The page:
Wilson wins after Rahal wreck

Justin Wilson was the surprise winner Saturday night at Texas Motor Speedway, where Graham Rahal wrecked while leading a topsy-turvy race that took out several contenders.

Rahal took control of the race with a strong pass of Ryan Briscoe 28 laps from the finish. He had pulled away from the field and seemed headed to his first victory since 2008, but his car drifted high into the wall as he exited the fourth turn.

Rahal bounced back onto the track and kept going, albeit slower, and Wilson charged past him with two laps remaining. The Englishman pulled away from Rahal to snap a 46-race winless streak, dating to Watkins Glen in 2009.

”That’s just fantastic,” Wilson said. ”I just can’t believe we managed to pull this off. I saw people sliding around, and knew I just had to hit my marks. I saw (Rahal) sliding more and more every lap. I didn’t think it was much chance, but then when I saw him hit the way, I thought `OK, it was time to go.’

”It was four-wheel drifting all the way into three, all the way out of four. You were having to hang on out there.”

A disappointed Rahal settled for second, his best finish of the season and best finish ever at Texas. Honda drivers finished first and second.

”I just messed up, honestly. There’s not much else to say,” Rahal said. ”I didn’t expect it, honestly.”

Briscoe was third for Chevrolet.

The race took several turns, beginning when Scott Dixon wrecked late after leading 133 of the 228 laps. It set up a restart with points leader Will Power and Penske Racing teammate Briscoe lined up first and second with Tony Kanaan behind in third.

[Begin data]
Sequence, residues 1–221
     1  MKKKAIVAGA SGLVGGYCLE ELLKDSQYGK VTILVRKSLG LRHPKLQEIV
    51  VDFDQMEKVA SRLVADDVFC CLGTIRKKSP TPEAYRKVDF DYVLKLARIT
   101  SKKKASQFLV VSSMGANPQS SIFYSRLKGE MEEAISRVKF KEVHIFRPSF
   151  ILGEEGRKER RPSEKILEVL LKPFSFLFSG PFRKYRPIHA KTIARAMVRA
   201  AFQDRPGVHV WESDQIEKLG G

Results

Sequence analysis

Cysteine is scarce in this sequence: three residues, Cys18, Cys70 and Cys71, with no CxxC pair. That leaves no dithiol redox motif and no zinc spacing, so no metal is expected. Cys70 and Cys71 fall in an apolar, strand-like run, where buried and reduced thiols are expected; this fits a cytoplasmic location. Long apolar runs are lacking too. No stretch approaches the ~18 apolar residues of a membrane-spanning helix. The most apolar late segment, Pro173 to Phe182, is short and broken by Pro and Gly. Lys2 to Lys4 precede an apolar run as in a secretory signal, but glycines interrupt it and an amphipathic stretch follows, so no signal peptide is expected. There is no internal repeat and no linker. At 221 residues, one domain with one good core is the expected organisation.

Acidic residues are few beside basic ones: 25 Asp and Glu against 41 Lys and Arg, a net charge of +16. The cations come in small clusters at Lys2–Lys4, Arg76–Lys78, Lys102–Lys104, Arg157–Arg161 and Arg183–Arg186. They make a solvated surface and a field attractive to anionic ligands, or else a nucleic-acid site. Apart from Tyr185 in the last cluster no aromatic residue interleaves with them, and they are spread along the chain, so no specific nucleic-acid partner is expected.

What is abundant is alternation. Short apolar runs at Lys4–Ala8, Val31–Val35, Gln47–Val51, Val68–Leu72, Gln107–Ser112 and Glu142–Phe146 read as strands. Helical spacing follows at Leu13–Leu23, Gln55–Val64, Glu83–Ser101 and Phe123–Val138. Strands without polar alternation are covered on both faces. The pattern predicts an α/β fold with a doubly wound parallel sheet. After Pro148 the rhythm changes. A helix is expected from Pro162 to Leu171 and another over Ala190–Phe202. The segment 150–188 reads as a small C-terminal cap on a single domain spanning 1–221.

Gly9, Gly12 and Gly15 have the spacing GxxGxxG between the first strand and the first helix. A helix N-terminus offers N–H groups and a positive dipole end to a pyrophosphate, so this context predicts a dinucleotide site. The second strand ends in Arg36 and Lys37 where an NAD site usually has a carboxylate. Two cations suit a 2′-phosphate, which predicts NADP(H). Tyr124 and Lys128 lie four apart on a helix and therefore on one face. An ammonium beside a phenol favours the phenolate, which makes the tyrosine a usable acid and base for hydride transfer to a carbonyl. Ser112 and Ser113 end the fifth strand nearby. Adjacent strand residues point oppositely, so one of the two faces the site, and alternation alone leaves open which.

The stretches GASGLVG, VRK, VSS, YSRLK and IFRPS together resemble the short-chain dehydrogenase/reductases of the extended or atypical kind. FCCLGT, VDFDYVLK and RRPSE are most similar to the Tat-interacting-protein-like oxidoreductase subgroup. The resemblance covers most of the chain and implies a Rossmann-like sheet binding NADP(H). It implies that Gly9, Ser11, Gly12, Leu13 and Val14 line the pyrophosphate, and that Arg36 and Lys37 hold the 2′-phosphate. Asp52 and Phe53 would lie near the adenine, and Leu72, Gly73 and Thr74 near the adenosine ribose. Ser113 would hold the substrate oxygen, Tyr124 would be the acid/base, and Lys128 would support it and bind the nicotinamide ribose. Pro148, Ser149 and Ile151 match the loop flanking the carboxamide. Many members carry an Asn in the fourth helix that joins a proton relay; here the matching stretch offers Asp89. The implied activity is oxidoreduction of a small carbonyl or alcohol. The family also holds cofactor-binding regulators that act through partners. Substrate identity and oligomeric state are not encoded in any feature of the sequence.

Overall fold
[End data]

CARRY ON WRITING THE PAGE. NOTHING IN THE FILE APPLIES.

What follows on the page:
Kanaan tried to go low and around Power to make it three-wide, but Power blocked him and the contact broke Kanaan’s front wing. He was furious and demanded IndyCcar penalize Power, and a drive-thru penalty was indeed issued.

”I had Briscoe on the outside and Tony took me by surprise,” Power said. ”I feel bad for him. I ruined his day because he had to come in and change the front wing, and we ruined our own day by getting the penalty.”

That sequence took Power and Kanaan out of contention: Power went from first to eighth on the penalty and finished eighth, Kanaan wound up 11th.

Kanaan thought Power’s block was dangerous, particularly at a track where nerves were already frayed.

”Will just put the biggest block ever on the oval, and when we talk about safety, man,” Kanaan said. ”That move right there to me is unacceptable. I talked to him, I said `Man, we talk about safety. I could have put you in the wall and hurt yourself.’ ”

The race was the first on a high-banked oval for IndyCar since Dan Wheldon’s death in a 15-car accident at Las Vegas in October. Drivers were skittish about racing at Texas, and IndyCar worked hard on a formula to break up the pack racing that was cited as a contributing factor in Wheldon’s death.

It worked, there was no pack racing, and despite the car being difficult to handle, the race featured passing and an exciting finish. Drivers had been split after qualifying about the downforce level set by IndyCar, with half the field embracing it because it made the cars so difficult to drive and half the drivers opposed while warning it could potentially make Saturday night a boring race.

There seemed to be only praise, though, after the race.

”I have to say, that’s the best racing I’ve ever had on an oval,” said Power, who broke his back in the Las Vegas accident. ”The car was moving around, and that’s the sort of racing we need at places like this.”